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CARDIAC FIBROBLAST HETEROGENEITY AND PLASTICITY
Book - Dissertation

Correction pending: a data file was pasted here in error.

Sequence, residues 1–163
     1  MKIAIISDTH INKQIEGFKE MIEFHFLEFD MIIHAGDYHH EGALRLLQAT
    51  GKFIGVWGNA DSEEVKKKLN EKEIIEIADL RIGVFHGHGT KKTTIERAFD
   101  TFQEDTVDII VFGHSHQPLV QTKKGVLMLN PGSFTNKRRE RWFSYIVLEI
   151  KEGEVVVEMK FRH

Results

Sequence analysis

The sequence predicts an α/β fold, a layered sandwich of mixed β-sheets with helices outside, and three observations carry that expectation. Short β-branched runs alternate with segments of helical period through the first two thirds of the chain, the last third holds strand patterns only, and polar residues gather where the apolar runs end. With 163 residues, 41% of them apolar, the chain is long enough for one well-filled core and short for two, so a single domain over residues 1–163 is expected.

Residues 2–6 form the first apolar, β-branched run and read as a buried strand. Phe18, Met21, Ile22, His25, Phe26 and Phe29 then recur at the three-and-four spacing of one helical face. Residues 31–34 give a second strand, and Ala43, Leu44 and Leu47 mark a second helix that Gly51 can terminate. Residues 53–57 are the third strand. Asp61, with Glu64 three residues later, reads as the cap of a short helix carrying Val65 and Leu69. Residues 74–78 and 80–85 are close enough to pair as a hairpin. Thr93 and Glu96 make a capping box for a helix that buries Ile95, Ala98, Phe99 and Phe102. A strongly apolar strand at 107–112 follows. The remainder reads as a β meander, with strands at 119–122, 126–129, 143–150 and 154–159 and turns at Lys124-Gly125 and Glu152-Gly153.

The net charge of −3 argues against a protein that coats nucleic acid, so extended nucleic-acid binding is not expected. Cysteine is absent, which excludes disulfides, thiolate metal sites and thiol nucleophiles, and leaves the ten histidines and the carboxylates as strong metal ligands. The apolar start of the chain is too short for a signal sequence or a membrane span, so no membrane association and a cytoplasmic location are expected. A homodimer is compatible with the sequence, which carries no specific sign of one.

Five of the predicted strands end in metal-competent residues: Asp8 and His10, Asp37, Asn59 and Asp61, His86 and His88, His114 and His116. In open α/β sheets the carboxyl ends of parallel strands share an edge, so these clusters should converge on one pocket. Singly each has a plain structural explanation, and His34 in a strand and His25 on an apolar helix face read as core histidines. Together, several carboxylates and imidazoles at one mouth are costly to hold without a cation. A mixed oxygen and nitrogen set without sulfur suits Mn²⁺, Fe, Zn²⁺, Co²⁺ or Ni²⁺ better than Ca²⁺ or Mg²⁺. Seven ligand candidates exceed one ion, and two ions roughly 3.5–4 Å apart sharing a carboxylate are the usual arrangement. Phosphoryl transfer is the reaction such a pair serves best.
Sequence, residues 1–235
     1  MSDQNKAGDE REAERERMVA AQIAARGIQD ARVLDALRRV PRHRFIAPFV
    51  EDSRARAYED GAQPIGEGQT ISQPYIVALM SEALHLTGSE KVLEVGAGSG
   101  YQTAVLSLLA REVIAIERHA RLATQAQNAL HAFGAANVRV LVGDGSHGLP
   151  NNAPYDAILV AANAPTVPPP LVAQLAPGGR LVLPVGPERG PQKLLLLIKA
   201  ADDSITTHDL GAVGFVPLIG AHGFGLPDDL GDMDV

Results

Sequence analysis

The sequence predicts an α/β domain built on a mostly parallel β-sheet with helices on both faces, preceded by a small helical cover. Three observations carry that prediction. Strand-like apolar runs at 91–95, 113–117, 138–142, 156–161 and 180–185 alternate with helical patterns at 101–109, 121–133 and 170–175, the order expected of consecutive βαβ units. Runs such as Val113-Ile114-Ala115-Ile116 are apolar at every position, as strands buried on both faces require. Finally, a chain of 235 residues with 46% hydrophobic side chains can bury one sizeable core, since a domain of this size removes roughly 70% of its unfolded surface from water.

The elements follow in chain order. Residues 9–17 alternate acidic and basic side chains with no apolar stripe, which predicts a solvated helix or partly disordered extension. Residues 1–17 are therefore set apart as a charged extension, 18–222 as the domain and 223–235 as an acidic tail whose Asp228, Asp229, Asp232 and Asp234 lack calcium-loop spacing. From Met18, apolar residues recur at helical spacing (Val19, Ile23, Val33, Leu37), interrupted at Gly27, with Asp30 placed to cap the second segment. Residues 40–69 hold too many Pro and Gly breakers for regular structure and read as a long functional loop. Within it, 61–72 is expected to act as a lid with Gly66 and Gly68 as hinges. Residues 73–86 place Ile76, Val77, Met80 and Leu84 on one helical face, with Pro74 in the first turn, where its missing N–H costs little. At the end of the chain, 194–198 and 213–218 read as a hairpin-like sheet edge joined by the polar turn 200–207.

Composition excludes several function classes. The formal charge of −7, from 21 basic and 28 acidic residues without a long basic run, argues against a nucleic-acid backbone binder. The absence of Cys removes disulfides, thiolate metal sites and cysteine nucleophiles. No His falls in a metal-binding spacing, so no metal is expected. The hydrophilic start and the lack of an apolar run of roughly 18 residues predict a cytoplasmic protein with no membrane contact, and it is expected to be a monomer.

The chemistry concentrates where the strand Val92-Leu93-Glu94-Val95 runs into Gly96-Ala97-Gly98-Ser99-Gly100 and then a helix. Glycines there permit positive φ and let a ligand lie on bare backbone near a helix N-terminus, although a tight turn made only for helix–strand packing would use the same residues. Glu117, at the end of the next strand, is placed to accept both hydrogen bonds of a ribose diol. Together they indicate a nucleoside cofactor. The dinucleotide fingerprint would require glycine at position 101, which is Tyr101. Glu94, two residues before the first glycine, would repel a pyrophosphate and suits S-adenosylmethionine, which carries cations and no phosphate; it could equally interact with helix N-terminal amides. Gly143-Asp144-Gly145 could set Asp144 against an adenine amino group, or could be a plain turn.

Globally, mortality and morbidity are increasing due to an increase in the number of patients with cardiovascular disease. Interstitial fibrosis plays an important role in this, which has a negative impact on the systolic and diastolic function of the heart. The current prescriptions for the treatment of chronic heart failure promote the quality of life of the patient but are not aimed at halting the further development of fibrosis or at the worsening of the heart function to the final stage of heart failure. The aim of this doctoral thesis is to study the pathophysiological role of cardiac fibroblasts during matrix and heart muscle cell remodeling.In the first study, we demonstrated that there is a wide range of fibroblast phenotypes that exhibit a high degree of plasticity. These phenotypes mainly include fibroblasts, proliferating myofibroblasts and non-proliferating myofibroblasts. This plasticity in phenotypes is mainly determined by the presence of mechanical stress and the growth factor TGF-β1 that work together as a synergistic entity (Chapter 3). This study shows that proliferating myofibroblasts have the capacity to return to the unchanged 'healthy' fibroblast phenotype while the non-proliferating myofibroblasts lack this property. The reversibility of the proliferating myofibroblast phenotype would therefore also be an excellent candidate for future therapy aimed at interstitial fibrosis.In the second study (Chapter 4) we established the presence of a heterogeneous population of fibroblast phenotypes in a large animal model with ischemic cardiomyopathy during the initial phase of matrix remodeling. After the occurrence of a myocardial infarction, fibroblast differentiation occurs in the infarct zone but also in the regions next to and far away from the infarct. The fibroblasts of these 3 regions can be distinguished from each other at transcriptome level on the basis of their differential gene expression pattern. Differentiation of fibroblasts is promoted by the presence of hemodynamic load and TGF-β1. Haemodynamic load had only increased in the region in addition to the infarct while TGF-β1 was prominent in all three regions. Interstitial fibrosis and cross-linking of collagen, however, had not only increased in the infarct region but also in the region in addition to the infarction. This observation confirms the heterogeneous role of fibroblasts after the onset of an infarction. The identification of molecular signals that distinguish between myofibroblasts of the scar tissue and those of the interstitium may lead to the development of a new line of drugs that induce the reversibility of interstitial myofibroblasts without affecting them in the scar tissue.In the third study (Chapter 5) we show that preferably proliferating and non-proliferating myofibroblasts enter into a functional link with adult heart muscle cells from the pig in a 2-dimensional co-culture environment. Each fibroblast phenotype causes cell death of cardiac muscle cells in both a 2-D culture environment and in a paracrine co-culture. The electrophysiological profile of the heart muscle cell was unchanged in the paracrine co-culture. However, myofibroblasts that were functionally linked to cardiomyocytes were able to alter the RMP and ADP90 of the cardiac muscle cell.In the latest study (Chapter 6) we studied the fibroblast populations that are present during the end-stage of heart failure in humans and more specifically in patients with ischemic and dilated cardiomyopathy. Non-suitable donor hearts for transplantation have been used to isolate normal unchanged fibroblasts as a control in the various experiments. The fibroblasts isolated from samples from heart failure patients, in contrast to those from healthy patients, have lost their proliferation capacity in cell culture. We have also demonstrated in cell culture that a subpopulation of myofibroblasts has the capacity to return to a less differentiated phenotype by inhibition of the TGF-β1 signaling pathway. The dedifferentiated myofibroblasts from heart failure patients showed a decrease in expression of pro-fibrotic genes and behaved functionally similarly as healthy normal fibroblasts. We can conclude that there is a high variation in fibroblast phenotypes during myocardial tissue remodeling and that these are functionally different from each other. We then identified the phenotypes that have the potential for reversibility in fibroblast differentiation. These findings can lead to an alternative strategy in anti-fibrotic therapy.